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Despite the clear health benefits that can be attained through adopting a more active lifestyle, most adults in the United Kingdom as well as other industrial nations remain underactive. Faced with this epidemic, there is a growing need for physical activity interventions that can be widely disseminated to all segments of the population across the lifespan.
One promising avenue for physical activity counselling and support lies with the primary care doctor and other health care professionals. The strengths of incorporating physical activity advice and support as part of routine health care include the ability to reach a substantial portion of the population repeatedly over time, the consistency and continuity of message content and delivery, and the willingness among patients to act on their doctor's advice.1,2 Despite these strengths, however, a number of barriers to physical activity counselling in primary care have been documented, including lack of time, reimbursement, and training in physical activity or behaviour change counselling.3 Although such barriers present continuing challenges to the health promotion and health care fields, the potential public health impact that primary care settings can have on health behaviour change, including physical activity, merits continued investigation.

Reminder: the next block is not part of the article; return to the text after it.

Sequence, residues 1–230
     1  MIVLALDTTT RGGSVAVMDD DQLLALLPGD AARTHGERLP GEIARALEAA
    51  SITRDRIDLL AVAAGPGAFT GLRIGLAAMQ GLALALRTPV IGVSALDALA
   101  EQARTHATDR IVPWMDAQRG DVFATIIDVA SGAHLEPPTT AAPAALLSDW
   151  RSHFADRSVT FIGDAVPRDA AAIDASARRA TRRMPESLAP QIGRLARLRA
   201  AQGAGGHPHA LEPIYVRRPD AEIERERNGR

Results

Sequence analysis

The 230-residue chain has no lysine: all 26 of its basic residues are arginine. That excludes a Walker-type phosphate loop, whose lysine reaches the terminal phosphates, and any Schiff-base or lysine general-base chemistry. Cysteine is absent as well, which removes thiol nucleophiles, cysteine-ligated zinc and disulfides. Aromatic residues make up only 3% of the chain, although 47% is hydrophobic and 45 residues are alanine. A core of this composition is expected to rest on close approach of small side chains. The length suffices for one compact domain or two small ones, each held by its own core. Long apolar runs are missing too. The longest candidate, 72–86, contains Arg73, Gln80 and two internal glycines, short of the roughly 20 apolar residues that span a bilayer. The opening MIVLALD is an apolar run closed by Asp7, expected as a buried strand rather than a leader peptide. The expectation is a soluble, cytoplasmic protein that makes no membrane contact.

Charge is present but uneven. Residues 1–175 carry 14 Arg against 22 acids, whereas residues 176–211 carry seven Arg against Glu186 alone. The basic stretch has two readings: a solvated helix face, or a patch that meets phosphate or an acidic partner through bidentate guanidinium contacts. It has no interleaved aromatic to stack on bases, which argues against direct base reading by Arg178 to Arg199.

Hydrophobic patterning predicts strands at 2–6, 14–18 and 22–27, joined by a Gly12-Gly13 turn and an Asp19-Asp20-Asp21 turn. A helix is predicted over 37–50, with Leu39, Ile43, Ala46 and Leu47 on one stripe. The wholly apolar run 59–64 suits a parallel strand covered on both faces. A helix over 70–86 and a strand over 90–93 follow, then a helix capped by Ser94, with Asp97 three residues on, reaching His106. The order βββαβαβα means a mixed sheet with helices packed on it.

Although a relatively large body of research exists on advice and counselling by doctors for other health behaviours, such as smoking, relatively little systematic research has been conducted to date on physical activity promotion in primary care. The studies that have been undertaken have taken advantage of a growing body of knowledge, underscoring the utility of applying empirically supported behavioural strategies in facilitating physical activity change. Such behavioural strategies, derived primarily from social cognitive theory and its derivatives, include: identifying specific practical physical activity goals tailored to the patient's needs and circumstances; structuring initial patient expectations so that they are realistic; identifying those benefits related to becoming more physically active that are most germane to the patient's own health status; encouraging the patient to keep track of his or her own physical activity patterns through simple self monitoring tools; and providing continual interest, encouragement, and support for physical activity. Some of these behavioural strategies have been used in studies in which primary care doctors have been trained to deliver brief advice and counselling on physical activity, with encouraging results in the short term.4,5 In one study, for example, a written goal oriented exercise prescription from general practitioners, in addition to verbal advice, was particularly effective in promoting increased physical activity over a six week period.6 More discrepant results obtained from longer term multiple risk factor programmes, however, suggest that more intensive interventions may be needed to obtain longer term effects in at least some segments of the population. Such interventions could include the use of health educators and professionals in addition to the doctor. Health educators and other allied health professionals can provide a level of advice and counselling beyond that which doctors, constrained by time and similar barriers, are typically able to deliver.7 One promising approach awaiting more extensive investigation involves using brief advice from the doctor as a means of setting the stage for physical activity change in conjunction with specific referral to other health care based or community based health educators or providers. In this way, the perceived credibility and authority of the doctor can be harnessed as a catalyst for change, while the very real time constraints facing many doctors are recognised.8 The challenge remains to structure the referral network effectively such that patients will successfully follow through with the referral. To maximise the potential benefits of this type of referral network, continuing communication between the doctor and referral source is essential.